Wednesday, September 16, 2015

66th Annual Massapoag Yacht Club Regatta - Day 1

The winds were light. The fleet was small. But the enthusiasm was high and the competition was intense in the RS Aero fleet at the Massapoag Yacht Club 66th Annual Regatta last weekend.

“Massapaog” is an Algonquin word meaning “large water with crazy swirling winds where I waited for you in the rain and we ate lobsters and ice cream and drank cold beer.”  Really.

Totally gratuitous photo of pretty girl waiting in the rain

As well as the 5 RS Aeros, this popular and friendly multi-class regatta also included fleets of 9 Lasers, 20 Sunfish, 13 Flying Scots and 4 Day Sailers, so it was a perfect opportunity to showcase the RS Aero to 63 sailors who had not yet realized that they really needed to buy an RS Aero.

The club had imported a crack PRO to run the races, and at the skippers’ meeting on Saturday morning, he made it clear that he welcomed input from the sailors and asked for our thoughts on everything from what minimum wind speed we would like to race in, to what courses we would prefer. We even took a vote on how many penalty turns we wanted to do if we broke one of those pesky rules. After a confusing and impassioned debate about different options for “in the zone” or “out of the zone,” and for collisions or “not collisions,” and for “it really wasn’t my fault I didn’t mean to hit you,”  the motion for “keep it simple, one turn for everything” was passed by a large majority. It was just as well that we had a lengthy and entertaining skippers’ meeting because there was no wind on the lake and it helped to pass the time.

Impassioned debate about one turn vs two turns.
Federalists were for a national bank, being nice to Brits, and two turns. 
Democratic-Republicans were for states' rights and two turns only in the zone.

An apology was relayed by the regatta chairperson from one of the top Sunfish sailors who couldn’t make the regatta because he had a “plumbing problem.” We all wished that the solution to his problem wouldn’t be too painful and that he would make a speedy recovery.

After the skippers’ meeting there was still no wind on the lake so we settled into a morning of chatting with the other sailors, catching up with old friends, and making new friends - which is of course the main reason we go to regattas on inland lakes anyway.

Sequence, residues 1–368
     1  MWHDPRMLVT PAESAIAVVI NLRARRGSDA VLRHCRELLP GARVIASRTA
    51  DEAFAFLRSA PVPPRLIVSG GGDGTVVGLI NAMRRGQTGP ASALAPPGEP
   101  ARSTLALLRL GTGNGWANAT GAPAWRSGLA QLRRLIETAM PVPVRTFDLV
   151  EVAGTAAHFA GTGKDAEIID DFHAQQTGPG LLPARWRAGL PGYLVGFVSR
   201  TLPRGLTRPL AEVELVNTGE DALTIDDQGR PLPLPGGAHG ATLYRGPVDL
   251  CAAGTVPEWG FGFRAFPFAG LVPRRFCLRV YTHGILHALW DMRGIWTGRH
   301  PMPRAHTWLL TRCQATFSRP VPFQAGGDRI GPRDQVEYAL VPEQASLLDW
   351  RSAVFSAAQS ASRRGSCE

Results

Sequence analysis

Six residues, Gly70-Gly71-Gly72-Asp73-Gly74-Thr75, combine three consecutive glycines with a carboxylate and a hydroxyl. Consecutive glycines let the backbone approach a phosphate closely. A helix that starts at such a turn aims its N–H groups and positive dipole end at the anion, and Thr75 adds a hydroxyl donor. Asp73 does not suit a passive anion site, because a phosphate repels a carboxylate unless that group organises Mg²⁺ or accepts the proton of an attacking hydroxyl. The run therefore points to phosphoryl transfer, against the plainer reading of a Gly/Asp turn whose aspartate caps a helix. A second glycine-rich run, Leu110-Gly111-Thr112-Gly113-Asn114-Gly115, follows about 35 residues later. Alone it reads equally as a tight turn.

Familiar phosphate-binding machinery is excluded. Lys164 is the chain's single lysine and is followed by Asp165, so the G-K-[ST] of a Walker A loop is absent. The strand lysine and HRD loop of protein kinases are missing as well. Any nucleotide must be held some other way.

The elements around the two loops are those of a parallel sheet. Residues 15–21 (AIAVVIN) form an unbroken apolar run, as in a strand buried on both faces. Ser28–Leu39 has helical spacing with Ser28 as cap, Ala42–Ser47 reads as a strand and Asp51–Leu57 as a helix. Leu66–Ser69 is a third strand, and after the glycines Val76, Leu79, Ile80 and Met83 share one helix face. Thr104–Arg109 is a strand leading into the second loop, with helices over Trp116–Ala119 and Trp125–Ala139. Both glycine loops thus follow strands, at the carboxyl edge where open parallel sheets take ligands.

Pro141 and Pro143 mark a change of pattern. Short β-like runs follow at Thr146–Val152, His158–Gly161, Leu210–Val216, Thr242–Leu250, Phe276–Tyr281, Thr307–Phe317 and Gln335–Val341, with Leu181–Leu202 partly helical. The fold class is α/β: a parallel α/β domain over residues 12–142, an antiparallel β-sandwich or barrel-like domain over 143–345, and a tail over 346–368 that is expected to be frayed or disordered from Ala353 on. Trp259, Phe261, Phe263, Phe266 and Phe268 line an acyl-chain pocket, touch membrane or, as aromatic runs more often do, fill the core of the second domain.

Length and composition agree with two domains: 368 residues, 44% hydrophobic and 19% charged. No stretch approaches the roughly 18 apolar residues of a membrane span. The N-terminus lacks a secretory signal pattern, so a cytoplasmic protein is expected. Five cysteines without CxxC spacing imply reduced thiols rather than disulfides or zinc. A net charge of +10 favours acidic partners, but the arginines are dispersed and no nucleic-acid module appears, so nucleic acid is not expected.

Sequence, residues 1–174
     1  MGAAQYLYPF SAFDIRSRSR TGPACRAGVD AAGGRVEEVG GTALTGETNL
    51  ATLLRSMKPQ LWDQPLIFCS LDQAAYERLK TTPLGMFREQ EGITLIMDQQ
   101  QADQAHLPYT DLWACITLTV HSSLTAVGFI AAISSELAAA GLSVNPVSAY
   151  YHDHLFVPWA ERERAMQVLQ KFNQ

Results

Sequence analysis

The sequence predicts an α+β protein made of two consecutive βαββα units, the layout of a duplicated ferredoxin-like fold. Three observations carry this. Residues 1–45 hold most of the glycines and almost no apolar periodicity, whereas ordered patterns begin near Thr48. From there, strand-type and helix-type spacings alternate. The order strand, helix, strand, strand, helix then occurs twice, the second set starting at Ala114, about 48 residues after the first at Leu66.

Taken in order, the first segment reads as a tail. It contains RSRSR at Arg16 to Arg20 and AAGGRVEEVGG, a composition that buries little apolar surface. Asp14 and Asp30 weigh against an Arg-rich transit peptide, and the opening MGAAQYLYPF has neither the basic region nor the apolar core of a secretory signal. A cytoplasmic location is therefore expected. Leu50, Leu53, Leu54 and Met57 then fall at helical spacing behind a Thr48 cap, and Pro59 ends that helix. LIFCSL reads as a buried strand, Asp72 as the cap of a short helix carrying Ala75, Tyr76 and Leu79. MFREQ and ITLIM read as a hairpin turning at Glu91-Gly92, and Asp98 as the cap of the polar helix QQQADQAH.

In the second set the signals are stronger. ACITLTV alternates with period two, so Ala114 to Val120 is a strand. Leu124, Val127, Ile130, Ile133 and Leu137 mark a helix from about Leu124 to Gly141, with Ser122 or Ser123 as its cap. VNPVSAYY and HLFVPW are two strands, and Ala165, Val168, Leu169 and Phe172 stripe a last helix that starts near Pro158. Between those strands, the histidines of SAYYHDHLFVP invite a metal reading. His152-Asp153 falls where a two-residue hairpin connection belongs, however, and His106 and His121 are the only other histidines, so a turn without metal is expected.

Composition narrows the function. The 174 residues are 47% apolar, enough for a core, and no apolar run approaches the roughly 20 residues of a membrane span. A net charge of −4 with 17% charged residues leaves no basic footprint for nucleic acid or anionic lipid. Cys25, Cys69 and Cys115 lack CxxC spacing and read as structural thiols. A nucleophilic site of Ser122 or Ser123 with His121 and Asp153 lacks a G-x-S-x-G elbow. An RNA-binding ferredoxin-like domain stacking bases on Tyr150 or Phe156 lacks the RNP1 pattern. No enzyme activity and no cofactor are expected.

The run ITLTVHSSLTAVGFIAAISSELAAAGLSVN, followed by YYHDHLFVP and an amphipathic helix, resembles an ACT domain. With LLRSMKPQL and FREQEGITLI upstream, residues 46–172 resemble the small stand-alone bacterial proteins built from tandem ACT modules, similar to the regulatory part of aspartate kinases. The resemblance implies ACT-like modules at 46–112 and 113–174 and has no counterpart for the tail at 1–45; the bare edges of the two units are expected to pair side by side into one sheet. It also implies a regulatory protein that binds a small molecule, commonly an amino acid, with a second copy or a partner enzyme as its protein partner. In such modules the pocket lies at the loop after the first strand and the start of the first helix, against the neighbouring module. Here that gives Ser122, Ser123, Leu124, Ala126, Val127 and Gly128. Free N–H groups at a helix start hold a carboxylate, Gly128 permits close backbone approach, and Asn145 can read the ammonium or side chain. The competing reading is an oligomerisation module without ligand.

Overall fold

After one of the most severe winters in living memory in New England it was natural that the conversation would touch on the blizzard of the century, the record snow fall, the boats crushed under the snow, how late the last bit of snow melted etc. etc. Unfortunately one of the Laser sailors came from New Hampshire. (For the geographically challenged that is north of Massachusetts and goes all the way to Canada.) So the guy from New Hampshire could trump any snow story we wimps from the deep south of Rhode Island and Massachusetts could plausibly invent. 

 Worst day of winter according to guy from Massachusetts

Average winter day according to guy from New Hampshire

Meanwhile my charming and persuasive son (who has been sailing an RS Aero for all of 3 weeks) was explaining to many of the 63 sailors unlucky enough not to own an RS Aero why they really needed to buy one right now.

Around 11am the wind on the lake picked up a little. The RC took to the water. Most of the sailors took to the water. A few of the most cynical sailors (including me) stayed on land. The wind died. All the sailors came back to shore. Cynicism ruled.

Lunch was served.

After lunch there was still no wind.

About 2pm a few sailors launched and drifted around the lake. I decided to join them in my RS Aero, mainly because I was getting tired of being out-played at the game of “my snow was deeper than your snow” by the guy from New Hampshire. Some Sunfish sailors decided to have an informal race around some blue and yellow object on the opposite shore.